No difference was seen between women who were screened yearly and those who did not undergo annual exams.
Screening women annually with ultrasound or with an ultrasound-blood test combination does not reduce the number of deaths from ovarian cancer – results that fall short of investigator hopes.
In a large-scale randomized trial published May 12 in The Lancet, researchers from University College London (UCL) revealed the disappointing findings from the UK Collaborative Trial of Ovarian Cancer Screening (UKCTOCS) that showed, while screening can detect cancers earlier, it doesn’t save lives.
“UKCTOCS is the first trial to show that screening can definitely detect ovarian cancer earlier,” said lead investigator Usha Menon, UCL gynecological oncology professor. “However, this very large, rigorous trial shows clearly that screening using either of the approaches we tested did not save lives. We, therefore, cannot recommend ovarian cancer screening for the general population using these methods.”
Treating ovarian cancer is particularly difficult because it is typically diagnosed at a later stage. Roughly 14,000 women in the United States and 4,000 women in the United Kingdom die from the disease yearly. The team had hypothesized that an effective screening method for earlier detection would translate to more avoided deaths.
To test their theory, they examined data from 202,562 women between the ages of 50 and 74 who were enrolled in UKCTOCS between 2001 and 2005. Screenings lasted until 2011, and they followed the women until June 30, 2020. They randomly divided the women into three study arms: 50,625 women (25 percent) received annual multimodal screening (MMS) with an ultrasound and blood test, 50,623 (25 percent) received transvaginal ultrasound screening (USS), and 101,314 (50 percent) did not undergo screening.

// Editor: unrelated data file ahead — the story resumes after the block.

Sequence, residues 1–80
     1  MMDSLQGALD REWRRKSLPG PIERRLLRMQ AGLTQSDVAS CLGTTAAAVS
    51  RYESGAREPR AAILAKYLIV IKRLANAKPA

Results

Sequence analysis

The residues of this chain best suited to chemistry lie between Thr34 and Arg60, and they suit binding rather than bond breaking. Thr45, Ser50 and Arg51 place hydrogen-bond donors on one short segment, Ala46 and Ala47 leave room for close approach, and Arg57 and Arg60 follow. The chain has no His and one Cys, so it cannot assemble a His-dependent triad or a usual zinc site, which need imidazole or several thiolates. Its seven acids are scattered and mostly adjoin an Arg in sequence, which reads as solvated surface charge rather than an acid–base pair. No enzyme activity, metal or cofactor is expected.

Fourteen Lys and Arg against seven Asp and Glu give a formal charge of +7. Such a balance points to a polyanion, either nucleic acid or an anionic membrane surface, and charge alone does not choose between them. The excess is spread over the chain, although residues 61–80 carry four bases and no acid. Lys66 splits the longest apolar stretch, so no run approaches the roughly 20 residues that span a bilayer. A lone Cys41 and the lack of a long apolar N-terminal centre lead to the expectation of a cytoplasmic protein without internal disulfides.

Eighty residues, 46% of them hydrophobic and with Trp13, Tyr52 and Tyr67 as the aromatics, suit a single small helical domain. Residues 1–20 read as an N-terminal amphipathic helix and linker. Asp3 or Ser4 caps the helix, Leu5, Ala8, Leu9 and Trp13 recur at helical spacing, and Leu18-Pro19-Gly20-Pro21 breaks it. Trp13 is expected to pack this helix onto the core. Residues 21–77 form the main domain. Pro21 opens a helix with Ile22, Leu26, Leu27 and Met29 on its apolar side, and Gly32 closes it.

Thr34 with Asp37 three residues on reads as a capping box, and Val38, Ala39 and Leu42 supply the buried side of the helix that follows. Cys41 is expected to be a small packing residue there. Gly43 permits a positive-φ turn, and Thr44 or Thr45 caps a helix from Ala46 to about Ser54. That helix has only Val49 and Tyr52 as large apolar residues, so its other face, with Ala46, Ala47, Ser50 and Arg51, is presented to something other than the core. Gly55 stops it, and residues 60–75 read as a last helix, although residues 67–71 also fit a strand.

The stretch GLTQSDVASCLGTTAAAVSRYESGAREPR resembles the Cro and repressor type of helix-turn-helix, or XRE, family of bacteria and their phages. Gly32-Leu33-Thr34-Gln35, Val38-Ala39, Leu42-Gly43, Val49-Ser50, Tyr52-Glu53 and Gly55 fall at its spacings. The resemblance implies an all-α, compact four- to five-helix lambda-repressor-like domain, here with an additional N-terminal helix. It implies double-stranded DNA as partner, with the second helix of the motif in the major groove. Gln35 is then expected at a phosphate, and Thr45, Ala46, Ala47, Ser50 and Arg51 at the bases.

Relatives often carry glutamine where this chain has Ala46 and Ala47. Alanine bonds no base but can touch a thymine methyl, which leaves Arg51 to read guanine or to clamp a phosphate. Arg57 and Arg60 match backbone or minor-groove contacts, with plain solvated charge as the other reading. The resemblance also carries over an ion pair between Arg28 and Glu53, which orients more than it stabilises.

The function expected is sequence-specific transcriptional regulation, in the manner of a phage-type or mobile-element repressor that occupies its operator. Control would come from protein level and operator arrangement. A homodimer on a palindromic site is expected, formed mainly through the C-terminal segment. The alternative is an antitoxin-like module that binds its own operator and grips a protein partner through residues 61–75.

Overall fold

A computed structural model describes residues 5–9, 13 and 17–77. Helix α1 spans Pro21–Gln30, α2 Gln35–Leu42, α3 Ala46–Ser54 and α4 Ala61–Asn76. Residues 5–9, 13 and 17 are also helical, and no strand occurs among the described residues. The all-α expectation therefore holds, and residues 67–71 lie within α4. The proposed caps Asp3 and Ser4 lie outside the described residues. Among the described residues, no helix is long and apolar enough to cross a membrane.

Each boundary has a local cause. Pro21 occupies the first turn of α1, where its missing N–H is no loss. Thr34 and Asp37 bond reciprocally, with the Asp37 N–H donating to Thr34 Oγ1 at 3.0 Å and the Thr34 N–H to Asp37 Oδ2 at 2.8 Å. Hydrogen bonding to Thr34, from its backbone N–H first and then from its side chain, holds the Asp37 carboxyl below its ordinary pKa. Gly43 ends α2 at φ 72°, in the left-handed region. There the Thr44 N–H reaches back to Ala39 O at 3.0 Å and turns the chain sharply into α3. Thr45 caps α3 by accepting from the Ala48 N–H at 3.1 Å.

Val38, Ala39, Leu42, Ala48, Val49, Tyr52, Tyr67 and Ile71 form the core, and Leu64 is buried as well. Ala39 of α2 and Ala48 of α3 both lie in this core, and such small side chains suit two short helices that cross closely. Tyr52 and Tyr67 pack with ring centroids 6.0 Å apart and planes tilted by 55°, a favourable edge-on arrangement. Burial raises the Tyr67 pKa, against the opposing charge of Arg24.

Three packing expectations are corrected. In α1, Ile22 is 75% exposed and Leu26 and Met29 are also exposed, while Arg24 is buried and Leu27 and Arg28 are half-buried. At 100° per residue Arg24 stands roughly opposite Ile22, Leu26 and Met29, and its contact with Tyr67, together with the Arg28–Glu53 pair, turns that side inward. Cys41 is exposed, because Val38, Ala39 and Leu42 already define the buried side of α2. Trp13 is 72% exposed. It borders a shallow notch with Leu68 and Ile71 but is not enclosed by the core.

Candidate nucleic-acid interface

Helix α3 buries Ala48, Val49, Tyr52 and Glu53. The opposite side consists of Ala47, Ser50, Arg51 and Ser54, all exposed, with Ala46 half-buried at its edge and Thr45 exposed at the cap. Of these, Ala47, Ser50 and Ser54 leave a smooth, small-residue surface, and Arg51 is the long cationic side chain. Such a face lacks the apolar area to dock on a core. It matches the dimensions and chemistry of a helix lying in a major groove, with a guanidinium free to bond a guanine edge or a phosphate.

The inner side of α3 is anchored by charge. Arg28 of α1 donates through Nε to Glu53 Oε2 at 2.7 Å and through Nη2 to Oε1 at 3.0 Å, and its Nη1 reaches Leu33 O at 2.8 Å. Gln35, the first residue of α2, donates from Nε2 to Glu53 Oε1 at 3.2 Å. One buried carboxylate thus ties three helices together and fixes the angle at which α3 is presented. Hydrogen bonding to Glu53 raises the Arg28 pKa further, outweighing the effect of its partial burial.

Based on their analysis, the blood test included in MMS screening detected 39.2 percent of earlier stage cancers (Stage 1 or 2), as well as 10.2 percent of late-stage disease (Stage 3 or 4). The data revealed there was no difference in the stage of cancer detected by the ultrasound group when compared to the no screening group.
Overall, during the study, 2,055 women – roughly 1 percent of women in every study group – received an ovarian cancer diagnosis. A total of 1,206 women died – again, the same percentage of women (0.6 percent) from each cohort were impacted.
Given the amount of data collected during the trial, the team felt confident enough to conclude that ovarian cancer screening does not save lives. This means the road to population screening will be longer than desired.
“Population screening for ovarian cancer can only be supported if a test is shown to reduce deaths in a future randomized controlled trial” said co-investigator Ian Jacobs, a gynecological oncologist with the University of New South Wales who led the ovarian cancer screening research program since 1985. “I remain hopeful that a new effective screening test will be found eventually, but it will take many years to conduct a large trial of the test. Realistically, this means we have to reluctantly accept that population screening for ovarian cancer is more than a decade away.”
Although they did not receive the results they wanted, the team did say their study provided insights that can contribute to advances in risk assessment, prevention, and ovarian cancer diagnosis.
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